In January and February 2016 the following datasheets were published on CABI’s Invasive Species Compendium (ISC). You can explore the open-access ISC here: www.cabi.org/isc.
A. cristatum is a resilient and long-lived perennial grass with stems that are 20-70 cm long and with finely-branched deep roots that extend to a depth of 1 m. It is able to grow in a wide range of habitats making it a very effective invader. Its native range is the Russian and Siberian steppes but it is now present in the North American prairies where it was planted in the 20th century to reseed abandoned cropland. It has since invaded vast areas of rangeland across the upper USA and southern Canada where it outcompetes native vegetation, altering soil chemical properties as a result.
A. glomeratus is another invasive perennial grass, but is taller than A. cristatum, with stems that can be 1.5 m in height. It is a popular ornamental because of its bushy/tufted appearance and is consequently found outside of its native range of southeastern USA, Mexico and parts of Central Mexico and the Caribbean. Introduced to Hawaii, USA, where it is considered a noxious weed, it is outcompeting the small, native and endemic shrub Vaccinium reticulatum. A. glomeratus can also change fire regimes as it is highly flammable. This can promote invasion by other non-native species.
A. semibaccata is a perennial shrub which can grow up to 80 cm tall and is drought and salt-tolerant. It is a valued fodder crop but it can form dense and fire retardant groundcover that displaces native species. In Hawaii, USA, it is impacting on a number of endangered plants such as Panicum niihauense, along with other invasive species. In California, USA, it is competing with Verbesina dissita which is endangered and restricted to the Laguna Beach area of Orange County.
P. pratense is a (yet another!) invasive perennial grass which can grow up to 1.5 m tall and spreads vigorously. It is an important forage grass, native to Europe and Asia, which can alter native plant communities by forming monocultures (vegetation consisting of the same species). Its seed is considered a contaminant of grass and other seed lots in the eastern US states of Delaware, Maryland, New Hampshire, New Jersey, Pennsylvania, Virginia and West Virginia, thus reducing seed lot quality and price. P. pratense is also a host to diseases, such as ergot (Claviceps purpurea), that are serious pathogens of cereal crops.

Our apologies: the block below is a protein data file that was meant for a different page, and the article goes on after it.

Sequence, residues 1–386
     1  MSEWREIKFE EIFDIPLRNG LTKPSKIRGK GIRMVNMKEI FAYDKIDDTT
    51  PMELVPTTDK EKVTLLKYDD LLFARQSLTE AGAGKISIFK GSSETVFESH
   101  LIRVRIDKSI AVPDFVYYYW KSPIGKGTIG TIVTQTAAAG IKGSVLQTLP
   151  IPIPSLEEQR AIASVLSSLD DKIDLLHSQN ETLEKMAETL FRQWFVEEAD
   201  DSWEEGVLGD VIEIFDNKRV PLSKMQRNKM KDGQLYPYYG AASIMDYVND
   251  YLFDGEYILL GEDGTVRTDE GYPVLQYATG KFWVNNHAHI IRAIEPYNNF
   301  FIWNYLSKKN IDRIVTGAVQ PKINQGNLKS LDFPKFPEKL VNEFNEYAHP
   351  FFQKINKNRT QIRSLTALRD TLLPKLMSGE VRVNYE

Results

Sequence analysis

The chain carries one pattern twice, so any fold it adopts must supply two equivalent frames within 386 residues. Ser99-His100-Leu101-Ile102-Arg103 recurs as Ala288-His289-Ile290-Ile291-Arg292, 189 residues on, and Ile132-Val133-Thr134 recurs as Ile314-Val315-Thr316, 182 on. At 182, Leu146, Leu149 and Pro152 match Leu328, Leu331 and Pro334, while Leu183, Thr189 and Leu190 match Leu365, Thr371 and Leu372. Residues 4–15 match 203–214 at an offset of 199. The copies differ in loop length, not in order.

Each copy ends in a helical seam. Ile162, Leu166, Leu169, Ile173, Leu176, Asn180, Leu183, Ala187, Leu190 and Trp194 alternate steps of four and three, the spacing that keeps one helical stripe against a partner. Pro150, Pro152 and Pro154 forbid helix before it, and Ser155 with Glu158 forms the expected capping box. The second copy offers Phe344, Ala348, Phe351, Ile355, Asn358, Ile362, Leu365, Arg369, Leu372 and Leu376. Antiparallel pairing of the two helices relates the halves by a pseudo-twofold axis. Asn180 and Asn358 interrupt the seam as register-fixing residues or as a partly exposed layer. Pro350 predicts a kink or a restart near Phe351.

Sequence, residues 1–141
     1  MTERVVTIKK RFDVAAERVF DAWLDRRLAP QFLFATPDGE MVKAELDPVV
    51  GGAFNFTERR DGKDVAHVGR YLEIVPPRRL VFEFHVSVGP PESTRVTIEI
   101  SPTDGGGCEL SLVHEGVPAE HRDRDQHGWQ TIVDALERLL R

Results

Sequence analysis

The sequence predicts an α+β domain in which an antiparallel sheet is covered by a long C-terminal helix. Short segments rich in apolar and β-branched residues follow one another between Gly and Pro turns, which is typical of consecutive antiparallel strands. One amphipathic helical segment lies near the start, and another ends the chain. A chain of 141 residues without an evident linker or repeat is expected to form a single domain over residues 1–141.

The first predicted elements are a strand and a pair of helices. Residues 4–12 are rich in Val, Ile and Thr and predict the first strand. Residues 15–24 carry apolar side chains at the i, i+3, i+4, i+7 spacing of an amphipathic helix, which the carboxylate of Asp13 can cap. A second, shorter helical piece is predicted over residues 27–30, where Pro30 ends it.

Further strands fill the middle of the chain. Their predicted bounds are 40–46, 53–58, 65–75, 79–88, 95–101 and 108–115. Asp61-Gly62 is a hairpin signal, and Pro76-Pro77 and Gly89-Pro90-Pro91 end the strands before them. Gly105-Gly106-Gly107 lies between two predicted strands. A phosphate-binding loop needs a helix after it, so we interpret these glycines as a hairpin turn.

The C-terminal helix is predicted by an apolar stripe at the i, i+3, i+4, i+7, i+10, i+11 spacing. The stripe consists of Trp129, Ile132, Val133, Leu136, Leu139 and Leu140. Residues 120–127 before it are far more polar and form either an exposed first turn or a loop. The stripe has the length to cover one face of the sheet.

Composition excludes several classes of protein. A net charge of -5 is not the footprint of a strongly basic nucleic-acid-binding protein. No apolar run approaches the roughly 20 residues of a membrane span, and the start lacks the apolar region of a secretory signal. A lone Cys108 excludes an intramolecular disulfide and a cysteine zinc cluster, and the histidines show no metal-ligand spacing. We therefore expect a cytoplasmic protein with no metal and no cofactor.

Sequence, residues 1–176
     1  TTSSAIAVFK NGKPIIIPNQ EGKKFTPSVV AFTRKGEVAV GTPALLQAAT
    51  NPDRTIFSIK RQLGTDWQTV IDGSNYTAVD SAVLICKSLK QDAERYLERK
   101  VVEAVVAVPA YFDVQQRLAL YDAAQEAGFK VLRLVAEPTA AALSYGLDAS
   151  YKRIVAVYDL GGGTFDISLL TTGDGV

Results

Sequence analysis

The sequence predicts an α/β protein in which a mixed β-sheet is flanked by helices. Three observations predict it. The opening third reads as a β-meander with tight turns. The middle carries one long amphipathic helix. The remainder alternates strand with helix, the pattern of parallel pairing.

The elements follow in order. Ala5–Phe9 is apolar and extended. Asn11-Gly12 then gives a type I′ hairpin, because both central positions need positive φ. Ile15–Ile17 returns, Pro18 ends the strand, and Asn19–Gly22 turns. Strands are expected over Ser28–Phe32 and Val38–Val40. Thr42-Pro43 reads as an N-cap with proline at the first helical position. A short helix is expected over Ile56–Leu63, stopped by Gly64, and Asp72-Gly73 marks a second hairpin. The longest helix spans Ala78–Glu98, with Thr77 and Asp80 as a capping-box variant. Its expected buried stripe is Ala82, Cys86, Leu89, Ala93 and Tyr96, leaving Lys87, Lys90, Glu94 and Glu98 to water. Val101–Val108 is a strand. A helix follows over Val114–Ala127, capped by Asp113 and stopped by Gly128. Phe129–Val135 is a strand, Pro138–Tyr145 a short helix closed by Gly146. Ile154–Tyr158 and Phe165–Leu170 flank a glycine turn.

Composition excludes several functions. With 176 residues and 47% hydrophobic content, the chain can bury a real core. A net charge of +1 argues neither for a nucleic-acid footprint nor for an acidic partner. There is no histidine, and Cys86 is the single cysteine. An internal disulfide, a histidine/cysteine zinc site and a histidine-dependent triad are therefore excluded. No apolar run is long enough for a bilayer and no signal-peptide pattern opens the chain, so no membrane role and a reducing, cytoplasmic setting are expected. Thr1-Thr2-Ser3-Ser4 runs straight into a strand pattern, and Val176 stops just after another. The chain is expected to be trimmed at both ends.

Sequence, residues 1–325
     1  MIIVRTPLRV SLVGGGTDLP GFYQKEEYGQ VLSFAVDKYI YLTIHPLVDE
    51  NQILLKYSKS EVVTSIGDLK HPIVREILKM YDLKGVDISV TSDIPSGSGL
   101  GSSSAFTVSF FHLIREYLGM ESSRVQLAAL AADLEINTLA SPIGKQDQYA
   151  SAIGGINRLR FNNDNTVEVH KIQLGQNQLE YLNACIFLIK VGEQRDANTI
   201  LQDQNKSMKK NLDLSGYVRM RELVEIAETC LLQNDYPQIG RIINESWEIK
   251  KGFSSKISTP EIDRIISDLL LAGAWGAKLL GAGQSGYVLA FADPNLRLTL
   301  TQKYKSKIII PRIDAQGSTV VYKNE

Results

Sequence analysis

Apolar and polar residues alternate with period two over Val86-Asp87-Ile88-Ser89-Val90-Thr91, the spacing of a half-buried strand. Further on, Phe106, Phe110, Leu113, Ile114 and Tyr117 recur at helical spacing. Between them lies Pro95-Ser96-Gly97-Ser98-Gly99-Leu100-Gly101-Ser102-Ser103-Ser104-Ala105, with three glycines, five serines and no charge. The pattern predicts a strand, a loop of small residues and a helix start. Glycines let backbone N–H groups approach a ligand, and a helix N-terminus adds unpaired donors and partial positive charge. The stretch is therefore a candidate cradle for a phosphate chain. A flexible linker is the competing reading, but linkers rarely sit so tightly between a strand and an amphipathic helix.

R. parviflorus is a deciduous, perennial raspberry species which produces edible fruits and can act as a soil stabiliser. Its fruits are eaten by the indigenous peoples of North America who also use parts of the plant to treat a wide variety of ailments such as stomach ache and diarrhoea. It is native to North America and Canada, however it has been recorded as invasive in British Columbia, Canada, due to the fact it can outcompete seedlings of economically important conifer species. It has also been recorded as invasive in parts of Europe.
- Agropyron cristatum by Franz Xaver (Own work) [CC BY-SA 3.0 (http://creativecommons.org/licenses/by-sa/3.0) or GFDL (http://www.gnu.org/copyleft/fdl.html)%5D, via Wikimedia Commons
- Andropogon glomeratus by Homer Edward Price (Bushy-Bluestem Uploaded by Amada44) [CC BY 2.0 (http://creativecommons.org/licenses/by/2.0)%5D, via Wikimedia Commons
- Atriplex semibaccata by scott.zona (Flickr: Atriplex semibaccata) [CC BY 2.0 (http://creativecommons.org/licenses/by/2.0)%5D, via Wikimedia Commons
- Phleum pratense by I, Hugo.arg [GFDL (http://www.gnu.org/copyleft/fdl.html), CC-BY-SA-3.0 (http://creativecommons.org/licenses/by-sa/3.0/) or CC BY-SA 2.5-2.0-1.0 (http://creativecommons.org/licenses/by-sa/2.5-2.0-1.0)%5D, via Wikimedia Commons
- Rubus parviflorus by Walter Siegmund (Own work) [GFDL (http://www.gnu.org/copyleft/fdl.html) or CC BY-SA 3.0 (http://creativecommons.org/licenses/by-sa/3.0)%5D, via Wikimedia Commons